Deer hunters who use a firearm or muzzleloader in a lottery area and want to harvest an antlerless deer must apply for an either-sex permit by the Thursday, Sept. 5, deadline established by the Minnesota Department of Natural Resources (DNR).
Deadlines for firearm and muzzleloader special hunts also are Sept. 5.
Lottery either-sex permits
Hunters can apply for lottery deer areas using both their firearm and muzzleloader licenses. Although a hunter can be selected for both licenses, successful applicants still can only take one deer.
2013 lottery deer areas are 101, 103, 105, 108, 110, 111, 118, 119, 122, 169, 171, 172, 176, 183, 184, 197, 199, 234, 237, 238, 250, 251, 252, 253, 260, 261, 262, 263, 266, 267, 268, 269, 270, 271, 272, 274, 275, 276, 277, 278, 279, 280, 281, 282, 283, 284, 285, 286, 288, 289, 290, 291, 294, 295, 296, 297, 298 and 299.
In lottery deer areas, firearms and muzzleloader hunters may only harvest a buck if they apply for and receive an either-sex permit, which allows them to harvest an antlerless deer.
Firearm and muzzleloader special hunts
For special hunts, a person may draw both a firearm and muzzleloader permit, in which case they must adhere to the bag limits established by each special hunt. Information on 2013 special hunts is available online at www.mndnr.gov/hunting/deer.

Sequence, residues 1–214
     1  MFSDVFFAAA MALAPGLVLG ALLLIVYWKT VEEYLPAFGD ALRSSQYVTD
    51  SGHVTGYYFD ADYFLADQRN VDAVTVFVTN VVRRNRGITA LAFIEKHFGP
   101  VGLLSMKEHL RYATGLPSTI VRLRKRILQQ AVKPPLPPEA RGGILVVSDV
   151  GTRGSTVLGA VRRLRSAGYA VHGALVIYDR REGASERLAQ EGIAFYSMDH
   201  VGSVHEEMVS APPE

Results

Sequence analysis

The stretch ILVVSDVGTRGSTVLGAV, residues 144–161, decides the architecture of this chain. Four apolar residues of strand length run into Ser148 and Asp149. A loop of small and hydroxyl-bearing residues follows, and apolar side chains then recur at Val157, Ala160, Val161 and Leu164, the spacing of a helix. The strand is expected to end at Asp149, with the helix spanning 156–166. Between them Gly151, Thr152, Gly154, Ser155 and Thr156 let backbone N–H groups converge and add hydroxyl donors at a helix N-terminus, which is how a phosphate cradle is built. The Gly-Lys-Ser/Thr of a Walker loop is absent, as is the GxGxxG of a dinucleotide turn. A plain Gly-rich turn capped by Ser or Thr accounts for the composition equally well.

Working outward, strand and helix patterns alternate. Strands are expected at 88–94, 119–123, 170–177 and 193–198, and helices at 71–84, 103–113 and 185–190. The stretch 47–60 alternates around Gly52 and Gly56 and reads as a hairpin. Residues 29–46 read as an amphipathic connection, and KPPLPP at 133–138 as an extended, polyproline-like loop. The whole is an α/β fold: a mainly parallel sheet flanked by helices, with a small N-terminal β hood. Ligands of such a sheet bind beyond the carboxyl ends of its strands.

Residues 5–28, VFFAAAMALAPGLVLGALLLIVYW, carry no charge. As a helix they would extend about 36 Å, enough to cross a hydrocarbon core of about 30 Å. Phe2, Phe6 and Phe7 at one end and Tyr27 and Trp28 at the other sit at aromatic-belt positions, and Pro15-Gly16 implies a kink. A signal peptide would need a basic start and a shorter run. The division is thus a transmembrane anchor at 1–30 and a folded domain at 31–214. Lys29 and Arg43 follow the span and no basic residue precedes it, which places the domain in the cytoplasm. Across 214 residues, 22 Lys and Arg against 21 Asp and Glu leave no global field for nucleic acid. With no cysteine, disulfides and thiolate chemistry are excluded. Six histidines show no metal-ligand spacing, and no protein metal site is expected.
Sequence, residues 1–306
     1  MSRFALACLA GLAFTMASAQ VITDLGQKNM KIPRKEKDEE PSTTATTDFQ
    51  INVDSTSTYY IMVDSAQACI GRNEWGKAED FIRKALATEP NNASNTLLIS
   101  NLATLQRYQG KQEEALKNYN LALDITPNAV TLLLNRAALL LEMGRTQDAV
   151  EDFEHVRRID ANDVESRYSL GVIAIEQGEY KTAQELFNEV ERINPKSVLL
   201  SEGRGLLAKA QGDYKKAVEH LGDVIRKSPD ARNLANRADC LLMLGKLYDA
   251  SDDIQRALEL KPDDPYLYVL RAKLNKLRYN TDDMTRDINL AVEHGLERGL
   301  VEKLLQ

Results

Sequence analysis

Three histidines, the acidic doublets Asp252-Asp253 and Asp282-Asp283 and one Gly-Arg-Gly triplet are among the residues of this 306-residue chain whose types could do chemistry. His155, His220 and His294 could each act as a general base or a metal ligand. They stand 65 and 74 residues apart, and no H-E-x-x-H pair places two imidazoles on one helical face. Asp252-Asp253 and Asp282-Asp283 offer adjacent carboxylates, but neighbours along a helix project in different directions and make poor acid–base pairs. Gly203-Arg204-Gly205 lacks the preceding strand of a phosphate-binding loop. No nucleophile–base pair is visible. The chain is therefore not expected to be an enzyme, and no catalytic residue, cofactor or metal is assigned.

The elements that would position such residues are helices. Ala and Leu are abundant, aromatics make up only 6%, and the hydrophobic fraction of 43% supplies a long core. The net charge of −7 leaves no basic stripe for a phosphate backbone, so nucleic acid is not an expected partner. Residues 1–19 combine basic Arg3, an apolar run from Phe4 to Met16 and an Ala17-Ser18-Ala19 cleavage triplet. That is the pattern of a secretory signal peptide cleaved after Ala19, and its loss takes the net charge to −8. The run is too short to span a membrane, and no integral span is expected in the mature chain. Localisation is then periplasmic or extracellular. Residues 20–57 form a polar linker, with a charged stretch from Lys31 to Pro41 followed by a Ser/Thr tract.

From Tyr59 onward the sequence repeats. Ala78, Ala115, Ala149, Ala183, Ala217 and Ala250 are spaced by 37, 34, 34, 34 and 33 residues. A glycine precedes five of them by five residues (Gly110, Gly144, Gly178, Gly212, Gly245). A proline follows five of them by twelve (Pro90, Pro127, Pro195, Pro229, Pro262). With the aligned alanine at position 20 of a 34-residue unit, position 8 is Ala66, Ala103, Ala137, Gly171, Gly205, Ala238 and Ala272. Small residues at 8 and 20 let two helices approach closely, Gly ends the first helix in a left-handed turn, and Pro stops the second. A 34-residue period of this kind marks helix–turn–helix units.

All lottery winners will receive permits via U.S. mail. Hunters may apply for an either-sex permit through any DNR license agent, online at www.mndnr.gov/buyalicense, or by calling toll-free 888-665-4236.
Changes to deer application and registration for 2013
Hunters are advised by the DNR to review the DNR’s hunting regulations handbook for new 2013 season information.
“Regulations, and many of our management designations, are quite similar to 2012,” said Leslie McInenly, DNR big game program leader. “However, there are a few application and registration changes that folks will notice right away.”
This year the DNR will be asking all deer license buyers, including archery hunters, to indicate the deer area they hunt most often.
“While hunters are not obligated to stay in the indicated area, the information helps the DNR assess hunter success,” McInenly said. “Our data indicate that most hunters kill a deer in the area they hunt most often.”
Hunters also should be aware that deer must be registered within 48 hours after harvest and before processing. Telephone and internet registration has been expanded to include series 300 permit areas.
Logo courtesy Minnesota Department of Natural Resources